Snake, math and a Hamiltonian circuit

November 2020

How to create an algorithm that always plays snake to maximum length, yet does not look utterly boring? It's very easy to just have the snake zigzag from topleft to bottom right, loop back and start over. Both images are examples of a Hamiltonian circuit. A closed loop visiting each cell or node in the playing field once.

When the game resets, a random Hamiltonian circuit is generated so each game and each path the snake follows will be different. But of course, simply following this circuit right from the start is not very efficient. So let's add some shortcuts.

When we display the indices of all cells in the circuit, it is easy to see how we can take shortcuts. Our snake just follows the numbers along the circuit. So on each move, it can look to the neighbouring squares and if the index of that square is less than the index of the food and less than the index of our last tail block, then it is safe to take a shortcut to that square.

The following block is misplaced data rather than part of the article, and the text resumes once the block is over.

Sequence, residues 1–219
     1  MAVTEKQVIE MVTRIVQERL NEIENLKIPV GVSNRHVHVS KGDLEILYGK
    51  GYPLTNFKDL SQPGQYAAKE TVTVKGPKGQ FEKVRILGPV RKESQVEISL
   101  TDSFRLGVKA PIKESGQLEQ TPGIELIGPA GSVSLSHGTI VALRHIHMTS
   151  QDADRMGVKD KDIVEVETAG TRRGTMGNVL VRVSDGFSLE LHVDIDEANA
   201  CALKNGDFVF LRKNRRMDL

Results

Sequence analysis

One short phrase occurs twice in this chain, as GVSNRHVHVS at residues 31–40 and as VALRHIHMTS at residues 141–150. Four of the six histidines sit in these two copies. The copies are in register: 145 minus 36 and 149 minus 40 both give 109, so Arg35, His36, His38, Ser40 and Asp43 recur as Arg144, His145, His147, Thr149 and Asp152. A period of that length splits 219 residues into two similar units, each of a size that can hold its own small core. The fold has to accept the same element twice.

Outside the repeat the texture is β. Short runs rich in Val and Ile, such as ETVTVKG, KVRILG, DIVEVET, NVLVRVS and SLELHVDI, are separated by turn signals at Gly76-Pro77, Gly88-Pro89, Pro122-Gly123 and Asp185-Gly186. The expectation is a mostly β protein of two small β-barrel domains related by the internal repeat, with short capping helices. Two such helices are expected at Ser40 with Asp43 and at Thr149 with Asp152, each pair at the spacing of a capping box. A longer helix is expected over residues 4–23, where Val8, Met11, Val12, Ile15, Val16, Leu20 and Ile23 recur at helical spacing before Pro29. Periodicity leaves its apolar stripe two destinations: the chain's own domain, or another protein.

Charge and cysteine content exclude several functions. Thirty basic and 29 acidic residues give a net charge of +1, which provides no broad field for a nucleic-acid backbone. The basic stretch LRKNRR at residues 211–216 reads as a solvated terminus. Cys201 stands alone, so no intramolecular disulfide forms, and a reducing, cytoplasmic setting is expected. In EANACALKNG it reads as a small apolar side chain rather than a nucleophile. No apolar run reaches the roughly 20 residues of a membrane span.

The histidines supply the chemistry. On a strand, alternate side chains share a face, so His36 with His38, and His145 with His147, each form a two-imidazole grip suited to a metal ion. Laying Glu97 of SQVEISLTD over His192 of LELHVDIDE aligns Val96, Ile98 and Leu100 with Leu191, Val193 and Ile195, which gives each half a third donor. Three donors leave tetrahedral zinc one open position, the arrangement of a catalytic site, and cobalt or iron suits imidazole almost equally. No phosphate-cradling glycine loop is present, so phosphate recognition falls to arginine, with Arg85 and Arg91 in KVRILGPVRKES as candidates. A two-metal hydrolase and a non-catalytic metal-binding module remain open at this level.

In the above image, the snake is currently at 58. Normally it would move to 59 but cell 65 is better as it is closer along the circuit to the food on 41 and it would not overtake the food or tail. Next steps would be 66 67 90 91 94 95 96 97 6 ... If multiple directions give a valid shortcut, it will take the one with the index closest to the food along the path.

Note that this is not optimal yet. At 91 the move 94 is the closest to the food along the circuit but of course, going to 92 allows for a much better shortcut one step further by going to 7. So rather than just looking a single move ahead, one could look multiple moves ahead and take the best path where none of the intermediate cells overtake the tail or food.

At first, a lot of moves lead to a shortcut. The longer the snake becomes though, the more it follows the Hamiltonian circuit. And of course by doing so, it will never collide with itself.